The club played in more general elections in 2018 and expects that to continue in 2020

David M. McIntosh, the president of the Club for Growth, believes his group needs to play in general elections, not just Republican primaries. (Tom Williams/CQ Roll Call file photo)

The Club for Growth has long been an arbiter of crowded primaries in safe Republican seats, but its role is evolving in the era of President Donald Trump. 

The group’s super PAC and PAC are still major players in internecine battles — the club successfully torpedoed a candidate in a Pennsylvania nominating convention over the weekend and is already interviewing candidates for two House special elections in North Carolina. 

Mike Pompeo says he is not running for Senate in Kansas in 2020
Former congressman says he will be secretary of State as long as Trump wants him in that role

Secretary of State Mike Pompeo said a 2020 campaign for Senate in Kansas is “ruled out.” (Tom Williams/CQ Roll Call file photo)

Secretary of State Mike Pompeo said Thursday that he was ruling out running for Senate in Kansas in 2020 — at least as long as he is still the top diplomat.

“I love Kansas. I’m going to be the secretary of State as long as President Trump gives me the opportunity to serve as America’s senior diplomat,” Pompeo told NBC’s “Today Show” when asked about a possible race for the seat being vacated by the retirement of Sen. Pat Roberts.

Trump has yet to make final decision on border bill as shutdown looms
Conservatives blast legislation on Fox morning show as White House staff evaluates it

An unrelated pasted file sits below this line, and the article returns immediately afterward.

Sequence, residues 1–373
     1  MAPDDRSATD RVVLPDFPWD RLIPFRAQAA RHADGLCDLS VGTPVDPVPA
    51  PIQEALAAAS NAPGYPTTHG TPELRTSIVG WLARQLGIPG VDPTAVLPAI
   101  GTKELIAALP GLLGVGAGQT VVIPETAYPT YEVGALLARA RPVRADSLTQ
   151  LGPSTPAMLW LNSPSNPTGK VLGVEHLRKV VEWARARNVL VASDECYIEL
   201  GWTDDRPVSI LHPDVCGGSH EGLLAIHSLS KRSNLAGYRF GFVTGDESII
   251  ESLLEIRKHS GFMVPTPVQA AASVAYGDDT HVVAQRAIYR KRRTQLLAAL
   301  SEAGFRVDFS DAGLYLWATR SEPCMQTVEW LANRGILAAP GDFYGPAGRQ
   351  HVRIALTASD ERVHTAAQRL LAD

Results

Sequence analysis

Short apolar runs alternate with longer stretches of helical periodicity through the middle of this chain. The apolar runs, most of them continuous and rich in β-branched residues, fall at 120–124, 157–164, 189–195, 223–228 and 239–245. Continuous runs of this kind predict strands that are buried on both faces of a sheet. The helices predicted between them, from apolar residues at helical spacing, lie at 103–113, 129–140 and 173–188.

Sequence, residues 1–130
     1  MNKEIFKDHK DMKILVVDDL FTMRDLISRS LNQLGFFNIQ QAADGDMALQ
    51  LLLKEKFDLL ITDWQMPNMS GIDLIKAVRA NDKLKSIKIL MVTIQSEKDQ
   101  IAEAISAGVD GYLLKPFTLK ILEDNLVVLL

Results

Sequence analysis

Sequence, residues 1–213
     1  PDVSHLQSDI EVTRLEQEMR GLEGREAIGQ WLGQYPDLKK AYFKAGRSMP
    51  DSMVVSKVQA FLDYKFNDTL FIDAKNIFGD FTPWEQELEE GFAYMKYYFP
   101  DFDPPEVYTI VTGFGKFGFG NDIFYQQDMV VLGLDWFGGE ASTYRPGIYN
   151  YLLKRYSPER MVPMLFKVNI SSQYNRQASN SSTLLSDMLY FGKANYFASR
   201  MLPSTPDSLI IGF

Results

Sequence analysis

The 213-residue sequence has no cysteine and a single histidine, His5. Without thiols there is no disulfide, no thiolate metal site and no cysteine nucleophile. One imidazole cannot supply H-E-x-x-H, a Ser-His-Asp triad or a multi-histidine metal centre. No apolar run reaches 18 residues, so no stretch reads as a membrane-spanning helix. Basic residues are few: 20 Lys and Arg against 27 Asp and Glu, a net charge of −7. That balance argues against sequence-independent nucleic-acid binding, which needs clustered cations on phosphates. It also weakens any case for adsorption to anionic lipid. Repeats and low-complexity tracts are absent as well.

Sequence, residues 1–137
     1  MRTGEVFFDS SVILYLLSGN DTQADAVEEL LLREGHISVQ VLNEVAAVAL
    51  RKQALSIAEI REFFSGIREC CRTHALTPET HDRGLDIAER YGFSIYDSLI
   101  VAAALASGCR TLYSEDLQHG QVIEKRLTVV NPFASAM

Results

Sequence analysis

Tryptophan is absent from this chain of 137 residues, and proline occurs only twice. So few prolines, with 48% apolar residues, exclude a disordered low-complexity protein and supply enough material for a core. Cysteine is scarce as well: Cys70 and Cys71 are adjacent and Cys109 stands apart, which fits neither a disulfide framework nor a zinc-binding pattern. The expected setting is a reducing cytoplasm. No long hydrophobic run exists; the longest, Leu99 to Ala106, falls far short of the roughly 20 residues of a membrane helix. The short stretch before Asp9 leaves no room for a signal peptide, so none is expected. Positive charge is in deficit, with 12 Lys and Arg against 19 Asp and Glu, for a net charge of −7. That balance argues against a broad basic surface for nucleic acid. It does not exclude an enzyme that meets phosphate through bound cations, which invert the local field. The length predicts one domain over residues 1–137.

Fox News Channel and radio talk show host Sean Hannity interviews President Donald Trump before a campaign rally in Las Vegas in September 2018. (Ethan Miller/Getty Images file photo)

President Donald Trump has not yet made a final decision about signing a massive spending measure needed to avert another government shutdown that includes far less for his southern border than he demanded, a White House official said.

“POTUS has not made a final decision. We are still reviewing the bill,” said the White House official, who has knowledge of the president’s decision-making.

Democrats are right to be wary of Howard Schultz
Coffee mogul’s independent run could complicate Electoral College math

Former Starbucks CEO Howard Schultz is considering running for president as an independent.(Spencer Platt/Getty Images)

ANALYSIS — The frenzy over businessman Howard Schultz’s announcement that he is considering an independent run for president is understandable.

Democrats think President Donald Trump is headed for defeat in a one-on-one general election contest, and anything that changes that trajectory improves his re-election prospects.

Primary care changes could be part of Senate effort to lower health care costs
A committee discussed ideas including provider incentives to buy drugs directly from wholesalers, and encouraging employers to offer on-site clinics

Sen. Elizabeth Warren, D-Mass., right, and Tina Smith, D-Minn., talk with attendees of the a Senate Health, Education Labor and Pensions Committee hearing in the Dirksen Senate Office Building on Sept. 25, 2018. (Photo By Tom Williams/CQ Roll Call)

A Senate Health, Education, Labor and Pensions Committee hearing on Tuesday highlighted changes to primary care coverage that could be part of a Senate effort to lower health care costs this year.

Those ideas include incentives for providers to buy drugs directly from wholesalers, expanding which services qualify for health savings account purchases, encouraging employers to offer on-site clinics to workers, and clarifying how direct primary care programs can help physicians reduce time spent on administrative tasks.